Expect that there will be some hard-hitting questions in this round. But recognize also that all you reallly need to do is to accurately represent yourself and your skill set. Showing your limitations won’t necessarily disqualify you; you don’t know what their expectations are, nor where your competition falls on the spectrum. And if this isn’t a job you can do well, then this isn’t a job you’re going to want in any case.
By the same token, if these folks don’t adore your personality just as it is, then these are not the folks you want to spend every day with for the foreseeable future. Don’t put on an act. Just be the you that you know you can happily, sustainably be. The one YOU like, and who the kind of person you like would like.
Here’s a little mental trick I use for auditions and in-person interviews: pretend you already have the job. Imagine you’ve been told by someone on the inside that you are a shoe-in and this is just a formality they have to go through to make HR happy. So really, this is just an opportunity for you to meet and greet your new co-workers and to show off a bit of why they’re so glad they hired you.
Works like a charm.
Step Seven: Adjust
Listen to feedback. It can be hard to accept even the best advice when you’re failing at something. It can feel like they’re kicking you when you’re down. But believe me, any and all feedback you get from friends and potential employers is worth its weight in gold. Wherever appropriate, ask. Then bite your tongue, swallow your pride, do whatever you need to do to make yourself shut up and take it in. That one change may mean the difference between success and failure the next time around.
And remember to pay attention to non-verbal feedback as well. That look on the interviewer’s face when you gave that one answer you weren’t so sure about?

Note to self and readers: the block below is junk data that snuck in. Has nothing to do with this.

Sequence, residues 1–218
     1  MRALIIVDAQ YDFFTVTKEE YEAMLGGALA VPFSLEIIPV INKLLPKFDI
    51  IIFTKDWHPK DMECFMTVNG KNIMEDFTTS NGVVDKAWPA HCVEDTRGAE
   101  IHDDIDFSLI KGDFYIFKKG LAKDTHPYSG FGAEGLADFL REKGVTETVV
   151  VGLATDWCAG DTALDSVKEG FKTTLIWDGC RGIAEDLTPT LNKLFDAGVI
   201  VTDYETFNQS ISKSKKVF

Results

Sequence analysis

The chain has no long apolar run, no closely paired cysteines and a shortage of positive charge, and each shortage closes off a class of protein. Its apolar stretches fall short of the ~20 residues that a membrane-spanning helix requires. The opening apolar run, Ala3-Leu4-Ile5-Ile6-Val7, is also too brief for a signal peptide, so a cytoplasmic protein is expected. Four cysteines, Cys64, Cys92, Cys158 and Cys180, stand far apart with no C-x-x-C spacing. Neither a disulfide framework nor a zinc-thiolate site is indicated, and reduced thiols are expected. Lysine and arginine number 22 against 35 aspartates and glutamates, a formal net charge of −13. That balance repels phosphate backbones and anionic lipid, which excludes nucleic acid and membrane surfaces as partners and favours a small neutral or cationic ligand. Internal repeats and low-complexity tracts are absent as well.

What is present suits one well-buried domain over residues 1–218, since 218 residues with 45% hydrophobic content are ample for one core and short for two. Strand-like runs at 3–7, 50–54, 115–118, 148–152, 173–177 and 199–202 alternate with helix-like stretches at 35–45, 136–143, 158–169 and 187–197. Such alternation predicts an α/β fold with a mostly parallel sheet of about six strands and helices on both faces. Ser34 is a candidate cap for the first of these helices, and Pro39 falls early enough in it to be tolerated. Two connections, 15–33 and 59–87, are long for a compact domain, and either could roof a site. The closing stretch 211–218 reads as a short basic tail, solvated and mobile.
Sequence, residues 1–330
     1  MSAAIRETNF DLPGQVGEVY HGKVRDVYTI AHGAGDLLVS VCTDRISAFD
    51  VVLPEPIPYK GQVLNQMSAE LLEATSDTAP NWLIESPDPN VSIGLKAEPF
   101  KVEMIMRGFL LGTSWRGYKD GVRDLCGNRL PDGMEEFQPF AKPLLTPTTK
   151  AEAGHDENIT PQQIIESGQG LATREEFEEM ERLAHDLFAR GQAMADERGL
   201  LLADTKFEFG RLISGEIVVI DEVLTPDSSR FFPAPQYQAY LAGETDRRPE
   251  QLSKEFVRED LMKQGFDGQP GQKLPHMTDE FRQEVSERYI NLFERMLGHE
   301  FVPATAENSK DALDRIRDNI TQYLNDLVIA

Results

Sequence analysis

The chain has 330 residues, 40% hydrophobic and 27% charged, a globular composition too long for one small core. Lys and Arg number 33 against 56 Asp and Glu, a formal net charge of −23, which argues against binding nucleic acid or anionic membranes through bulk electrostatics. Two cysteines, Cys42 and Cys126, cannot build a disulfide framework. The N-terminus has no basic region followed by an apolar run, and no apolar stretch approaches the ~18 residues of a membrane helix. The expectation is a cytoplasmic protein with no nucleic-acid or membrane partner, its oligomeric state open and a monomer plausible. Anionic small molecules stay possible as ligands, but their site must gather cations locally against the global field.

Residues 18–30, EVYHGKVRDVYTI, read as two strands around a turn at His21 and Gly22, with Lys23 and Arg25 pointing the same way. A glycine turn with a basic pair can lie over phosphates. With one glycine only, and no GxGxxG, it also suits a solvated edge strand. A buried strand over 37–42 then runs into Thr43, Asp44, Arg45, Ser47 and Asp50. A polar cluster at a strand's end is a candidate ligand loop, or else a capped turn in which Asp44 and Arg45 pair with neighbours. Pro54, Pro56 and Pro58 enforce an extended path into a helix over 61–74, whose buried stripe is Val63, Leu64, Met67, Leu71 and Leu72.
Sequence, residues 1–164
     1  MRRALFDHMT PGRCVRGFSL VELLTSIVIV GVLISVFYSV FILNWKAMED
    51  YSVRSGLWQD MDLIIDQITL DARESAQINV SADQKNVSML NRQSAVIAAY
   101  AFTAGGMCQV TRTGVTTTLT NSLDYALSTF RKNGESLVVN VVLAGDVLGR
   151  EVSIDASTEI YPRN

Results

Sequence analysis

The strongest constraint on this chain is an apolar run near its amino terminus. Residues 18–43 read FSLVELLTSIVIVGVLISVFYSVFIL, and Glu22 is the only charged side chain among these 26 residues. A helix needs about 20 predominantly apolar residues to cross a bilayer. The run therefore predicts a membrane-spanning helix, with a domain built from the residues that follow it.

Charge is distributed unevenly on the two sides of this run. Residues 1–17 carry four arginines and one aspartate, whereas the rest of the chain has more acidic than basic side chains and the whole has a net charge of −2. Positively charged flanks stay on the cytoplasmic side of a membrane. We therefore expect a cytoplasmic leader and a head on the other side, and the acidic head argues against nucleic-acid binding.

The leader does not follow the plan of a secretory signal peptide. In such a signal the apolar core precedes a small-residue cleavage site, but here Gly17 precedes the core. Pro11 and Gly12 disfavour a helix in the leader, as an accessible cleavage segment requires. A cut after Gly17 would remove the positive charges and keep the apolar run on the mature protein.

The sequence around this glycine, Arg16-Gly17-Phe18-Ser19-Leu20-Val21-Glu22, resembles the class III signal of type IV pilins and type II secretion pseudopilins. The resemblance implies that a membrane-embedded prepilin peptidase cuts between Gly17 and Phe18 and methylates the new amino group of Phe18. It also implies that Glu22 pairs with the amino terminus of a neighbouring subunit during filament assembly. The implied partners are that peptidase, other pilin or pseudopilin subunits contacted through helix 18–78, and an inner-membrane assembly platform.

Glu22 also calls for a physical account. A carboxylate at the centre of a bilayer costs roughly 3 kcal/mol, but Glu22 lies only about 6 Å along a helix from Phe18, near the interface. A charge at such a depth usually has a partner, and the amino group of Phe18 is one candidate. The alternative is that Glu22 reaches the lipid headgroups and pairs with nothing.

Yeah. The interviewer wasn’t so sure about it, either. Fix it.
Listen to your own feedback, too. Go with your gut and change what doesn’t feel like it’s working. Make a list each week of 3 things that went well and 3 things to improve on. And improve on them.
Step Eight: Fight for it
If you aren’t advocating for yourself, don’t expect anyone else to.
At my final interview for the EA job at PlayFab, I knew it was down to me and one other gal. I also knew that she was vastly more qualified for this position than I was. She had been an Executive Assistant for 20 years, and was currently working under one of the big wig VPs at Amazon, which could mean a major strategic advantage for her new boss. She would require little to no training, whereas I was starting from essentially ground zero. It would have been easy enough to simply tell myself that she was a better choice for him and give up on the idea of getting the job.
Instead, I dug deep and came up with genuine and compelling reasons why I was a better fit despite my relative lack of experience. I explained in painstaking detail how my unique skill set was an ideal match. I emphasized the importance of chemistry and a compatible personality in a working relationship, particularly given how much time we would be spending together. I reminded him that experience doesn’t always translate into competence, and that he would have to un-train all the habits she had accrued that he wasn’t so fond of, whereas I was a blank slate, ready to be molded into his ideal EA.
In short, I sold him on the idea of hiring me.
And that, my friends, is what you will need to do if you want a job worth fighting for. Learn what you bring to the table, and TELL THEM. Loudly, clearly, shamelessly, and repeatedly.